Lyrics & Song Stories

Crimson Yew loves meaning and a story.  The music we listen to is full of vast soundscapes, poignant words and emotion.  All of that, along with a close relationship with nature in the surrounding hills of South Wales, is reflected in our music.  Here, we lift the lid on the songs, the lyrics and the process behind writing them.  We hope this helps bring our music to life.

Anthropocene

I wonder what our ancestors in the distant future (if we get that far) would make of us.   I wonder what they might find if they dig down, (aside from evidence of very rapidly elevated levels of carbon and indications of mass extinction).  Instead of fossils, they might find a layer of lego, a layer of iphones, car parts, bottle-tops, plastic bottles and novelty Christmas items.   I wonder what they would make of it all.  Would they think that 'Samsung' was a deity?  Or ‘Wallmart’, a kind of temple?  Would they find a hard disk drive and un-encrypt someone's data?  Would they be shocked, or would it all feel very familiar?  Would they, could they, learn?

Shortly after writing Anthropocene I read 'Star Maker' by Olaf Stapledon, the tale of a man who goes out for a walk up a hill in North London to get some air following a disagreement with his wife.  He suddenly finds himself transported beyond the speed of light through the stars, to the edge of the galaxy and beyond.  As the story unfolds, he finds himself hopping from strange world to strange world, becoming an anonymous and invisible alien anthropologist.  To a contemporary reader it reads as poor satire but considering that it was written in the 1930’s, it is uncannily predictive of where we find ourselves in our society.  In one scene an alien civilisation excavate land for a building and uncover a fossilised wireless radio, abandoned by an ancient culture they had no knowledge ever existed.  On another planet, one of the civilisations he visits are manipulated through small wireless devices they carry in their pockets…

Summer is not held back or slowed by spring 

Its soup of storm and drought will lumber on 

Not shortened by the wind and rain of fall 

A story told a tale lost before the gods 

I take the plunge through plastic 

To find clay and loam 

A tangled mass of wires 

That I call my home 

Charred remains all there is to show 

For all we built before the gods 

Anthropocene 

Winter is a tale I tell the young 

A far-off land that they will never know 

To not be held by her cold embrace 

The season’s end, our fall from grace 

I take the plunge through plastic 

To find clay and loam 

A tangled mass of wires 

That I call my home 

Charred remains all there is to show 

For all we built before the gods 

Anthropocene 

Words and Music (C) Jonathan Stott 2022

Souvenir

Souvenir is a song about a dependent and obsessive character who feels compelled to serve their superior’s unspoken emotional demands.  The character collects and holds ‘remembrances’ on behalf of their master.  These remembrances are stories of successes of the past that they are called upon to recount (repeatedly, in detail and “always with great with conviction”) in order to bolster their master’s self-esteem when it has been shaken or undermined in some way.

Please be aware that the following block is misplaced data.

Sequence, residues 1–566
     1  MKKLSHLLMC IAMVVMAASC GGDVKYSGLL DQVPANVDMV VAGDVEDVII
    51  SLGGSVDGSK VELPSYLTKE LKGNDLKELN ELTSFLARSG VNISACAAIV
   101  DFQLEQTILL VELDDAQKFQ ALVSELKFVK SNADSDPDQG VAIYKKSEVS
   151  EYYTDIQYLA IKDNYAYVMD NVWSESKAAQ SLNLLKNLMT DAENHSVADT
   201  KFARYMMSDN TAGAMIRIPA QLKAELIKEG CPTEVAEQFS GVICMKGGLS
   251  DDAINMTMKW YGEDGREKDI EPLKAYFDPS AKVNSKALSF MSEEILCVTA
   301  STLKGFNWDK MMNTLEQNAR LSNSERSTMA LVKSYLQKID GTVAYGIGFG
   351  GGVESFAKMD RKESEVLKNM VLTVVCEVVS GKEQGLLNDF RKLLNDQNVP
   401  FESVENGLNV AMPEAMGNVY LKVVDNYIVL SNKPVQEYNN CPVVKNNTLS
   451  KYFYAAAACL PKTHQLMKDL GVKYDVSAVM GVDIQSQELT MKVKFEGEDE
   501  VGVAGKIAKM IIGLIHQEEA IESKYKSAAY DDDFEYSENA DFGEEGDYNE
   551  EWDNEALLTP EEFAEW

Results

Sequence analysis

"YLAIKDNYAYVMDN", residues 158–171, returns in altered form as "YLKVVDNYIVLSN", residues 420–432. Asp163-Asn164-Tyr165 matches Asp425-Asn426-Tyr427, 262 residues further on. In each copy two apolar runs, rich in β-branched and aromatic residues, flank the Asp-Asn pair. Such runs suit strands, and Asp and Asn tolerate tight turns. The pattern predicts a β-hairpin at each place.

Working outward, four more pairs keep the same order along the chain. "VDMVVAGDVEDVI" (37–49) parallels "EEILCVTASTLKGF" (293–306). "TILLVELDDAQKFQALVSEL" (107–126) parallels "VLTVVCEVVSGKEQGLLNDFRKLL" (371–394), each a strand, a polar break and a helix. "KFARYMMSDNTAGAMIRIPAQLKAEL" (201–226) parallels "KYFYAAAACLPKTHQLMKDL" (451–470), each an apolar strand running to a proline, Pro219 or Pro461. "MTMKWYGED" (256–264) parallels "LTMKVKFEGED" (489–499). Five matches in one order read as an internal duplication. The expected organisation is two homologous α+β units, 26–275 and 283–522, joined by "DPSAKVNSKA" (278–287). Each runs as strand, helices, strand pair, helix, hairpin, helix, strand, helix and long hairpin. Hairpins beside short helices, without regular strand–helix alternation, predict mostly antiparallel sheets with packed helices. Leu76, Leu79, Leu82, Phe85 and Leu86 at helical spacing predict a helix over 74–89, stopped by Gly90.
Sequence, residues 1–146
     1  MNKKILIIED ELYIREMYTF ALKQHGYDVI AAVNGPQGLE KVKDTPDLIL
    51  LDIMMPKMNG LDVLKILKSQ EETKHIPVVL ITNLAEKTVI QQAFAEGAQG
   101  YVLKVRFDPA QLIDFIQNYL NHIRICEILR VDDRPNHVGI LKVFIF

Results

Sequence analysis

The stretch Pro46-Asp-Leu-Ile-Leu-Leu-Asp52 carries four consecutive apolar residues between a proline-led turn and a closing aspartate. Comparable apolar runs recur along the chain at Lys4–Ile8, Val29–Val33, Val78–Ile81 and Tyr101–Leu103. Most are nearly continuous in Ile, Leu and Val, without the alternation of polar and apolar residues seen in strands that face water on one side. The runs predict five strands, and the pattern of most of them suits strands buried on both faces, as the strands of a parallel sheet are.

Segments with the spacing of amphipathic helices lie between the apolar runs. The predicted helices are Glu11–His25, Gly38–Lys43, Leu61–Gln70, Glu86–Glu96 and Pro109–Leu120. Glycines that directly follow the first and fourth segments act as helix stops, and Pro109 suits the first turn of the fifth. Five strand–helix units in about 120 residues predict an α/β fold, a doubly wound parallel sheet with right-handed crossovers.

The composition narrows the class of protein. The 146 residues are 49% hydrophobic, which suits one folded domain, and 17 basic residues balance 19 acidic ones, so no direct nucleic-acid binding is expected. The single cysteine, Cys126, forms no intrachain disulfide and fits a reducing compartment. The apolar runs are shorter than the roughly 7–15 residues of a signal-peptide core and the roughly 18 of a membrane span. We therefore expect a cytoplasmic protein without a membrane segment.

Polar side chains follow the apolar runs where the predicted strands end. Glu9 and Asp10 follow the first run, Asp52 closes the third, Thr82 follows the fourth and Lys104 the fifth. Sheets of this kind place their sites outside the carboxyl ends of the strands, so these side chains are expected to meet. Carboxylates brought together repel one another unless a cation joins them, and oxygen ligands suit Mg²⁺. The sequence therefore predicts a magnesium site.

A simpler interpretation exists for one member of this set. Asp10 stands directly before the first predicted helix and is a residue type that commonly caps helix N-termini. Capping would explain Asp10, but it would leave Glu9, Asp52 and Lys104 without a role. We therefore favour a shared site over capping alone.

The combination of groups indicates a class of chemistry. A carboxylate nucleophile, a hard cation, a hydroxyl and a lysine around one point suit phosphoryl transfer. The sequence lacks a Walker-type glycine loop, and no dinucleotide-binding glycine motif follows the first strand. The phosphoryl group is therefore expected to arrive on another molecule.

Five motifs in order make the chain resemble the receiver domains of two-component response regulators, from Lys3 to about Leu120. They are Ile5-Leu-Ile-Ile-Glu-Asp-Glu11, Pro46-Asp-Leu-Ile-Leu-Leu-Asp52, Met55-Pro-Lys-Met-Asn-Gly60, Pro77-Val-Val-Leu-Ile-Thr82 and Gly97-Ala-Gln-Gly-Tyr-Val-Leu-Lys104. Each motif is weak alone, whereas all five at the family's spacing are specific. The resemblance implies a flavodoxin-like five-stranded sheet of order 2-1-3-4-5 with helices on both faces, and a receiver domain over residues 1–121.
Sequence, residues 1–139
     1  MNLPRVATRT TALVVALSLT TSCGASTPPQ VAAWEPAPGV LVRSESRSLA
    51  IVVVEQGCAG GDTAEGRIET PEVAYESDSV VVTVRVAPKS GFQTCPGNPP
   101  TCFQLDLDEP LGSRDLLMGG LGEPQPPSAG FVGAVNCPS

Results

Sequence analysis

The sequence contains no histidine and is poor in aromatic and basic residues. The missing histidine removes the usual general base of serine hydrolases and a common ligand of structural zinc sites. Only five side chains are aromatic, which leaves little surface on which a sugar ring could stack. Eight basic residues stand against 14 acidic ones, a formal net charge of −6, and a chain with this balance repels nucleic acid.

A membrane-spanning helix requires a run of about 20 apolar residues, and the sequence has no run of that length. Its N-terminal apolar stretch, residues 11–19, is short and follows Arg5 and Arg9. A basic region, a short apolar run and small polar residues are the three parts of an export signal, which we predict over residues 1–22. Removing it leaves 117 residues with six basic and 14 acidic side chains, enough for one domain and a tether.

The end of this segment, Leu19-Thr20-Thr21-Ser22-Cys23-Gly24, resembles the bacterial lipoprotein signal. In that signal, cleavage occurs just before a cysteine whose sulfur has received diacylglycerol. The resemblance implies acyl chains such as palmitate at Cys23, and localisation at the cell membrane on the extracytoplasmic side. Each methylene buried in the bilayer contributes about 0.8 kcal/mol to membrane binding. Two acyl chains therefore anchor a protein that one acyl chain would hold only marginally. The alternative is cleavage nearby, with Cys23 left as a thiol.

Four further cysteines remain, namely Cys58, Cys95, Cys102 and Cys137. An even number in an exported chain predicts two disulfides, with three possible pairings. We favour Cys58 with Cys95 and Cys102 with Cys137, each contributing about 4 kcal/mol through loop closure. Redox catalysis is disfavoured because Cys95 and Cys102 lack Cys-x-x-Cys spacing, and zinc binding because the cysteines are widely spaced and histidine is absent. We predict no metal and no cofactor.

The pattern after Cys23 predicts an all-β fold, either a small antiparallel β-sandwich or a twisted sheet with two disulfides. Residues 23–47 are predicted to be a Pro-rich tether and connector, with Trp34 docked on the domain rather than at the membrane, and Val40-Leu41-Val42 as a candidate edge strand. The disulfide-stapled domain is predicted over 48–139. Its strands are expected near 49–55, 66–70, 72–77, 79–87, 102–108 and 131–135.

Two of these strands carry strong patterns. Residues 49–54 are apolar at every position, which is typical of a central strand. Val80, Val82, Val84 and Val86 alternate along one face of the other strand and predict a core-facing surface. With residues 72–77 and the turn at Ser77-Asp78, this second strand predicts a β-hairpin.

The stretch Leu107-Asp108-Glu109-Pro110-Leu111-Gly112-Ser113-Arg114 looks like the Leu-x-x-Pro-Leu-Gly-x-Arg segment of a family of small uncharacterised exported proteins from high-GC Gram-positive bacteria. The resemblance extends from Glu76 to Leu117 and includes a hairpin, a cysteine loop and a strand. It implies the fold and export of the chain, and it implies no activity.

I imagine the character in this song to be a personal aide to a fragile, manipulative, and powerful person; an archetypal junior civil servant in Whitehall.  A wrinkle-nosed, curved-backed, snivelling underling.  Boldrick.

Souvenir is a dark song disguised under a dreamy, carefree melody.  Laced with passive aggression and self-loathing.  I wanted this contrast to reflect the mismatch between the character’s actions and their true feelings.

I often find that I write a song, complete with lyrics, and only really understand what it is about much, much later.  Souvenir is a good example of this.  I wrote the full lyric for this song, without even really being certain that the name ‘Adeline’ was even a real name.  About a year after finishing it, I read The Waves by Virginia Woolf.  Whilst reading, I had a clear picture of the character in this song being like a character in one of her books.  I later discovered that Virginia Woolf’s given name was Adeline Virginia Woolf.

Give me a bucketful  

Of your best intentions 

I will try to  

Memorise them so that when you  

Feel low I can recount them 

Soothe you 

Like cinnamon 

Honey and lemon 

Oooooh 

Adeline 

oooooo  

(But you’ll discount it) 

Give me a souvenir 

An alibi that I can use to say I wasn’t near 

When you shed a tear 

Give me a pseudonym 

A name I can use to  

Slip past you, Adeline 

Oooooh 

Adeline 

oooooo  

Adeline 

Did you use me an excuse just to make me you feel special? 

Did you give me alibi just to pretend that you cared? 

Did you hold court with your demons and plan my demise? 

Oooooh 

Adeline 

oooooo  

Adeline 

Words and Music (C) Jonathan Stott 2022

Sticky Tongue Fool

I've never written a real love song; this is as close as it gets.  Like most love songs, it's selfish and introspective, and not really about the other person at all.  It moves from whimsical and carefree, to intense and brooding.

Also, a contender for the most pretentious song I've written, shades here of Rufus Wainwright, Benjamin Clementine, and maybe a bit of Kate Bush.

I find myself outside - of my body 

Dumfounded me 

Caught me unawares 

Sticky tongue fool 

Reddened face I can’t deny 

A language lost 

A lover's reprieve 

You caught me out of 

skin and limb 

You caught me out of 

skin and limb 

Weaving, reeling, love drunk clown 

Window screamer 

I am dumber's mate 

Sticky tongue-sticky tongue fool 

Shaking hands can’t hide 

A language learnt 

A lovers' weave 

You caught me out of 

skin and limb 

You caught me out of 

Weaving, reeling, love drunk clown 

Words and Music (C) Jonathan Stott 2022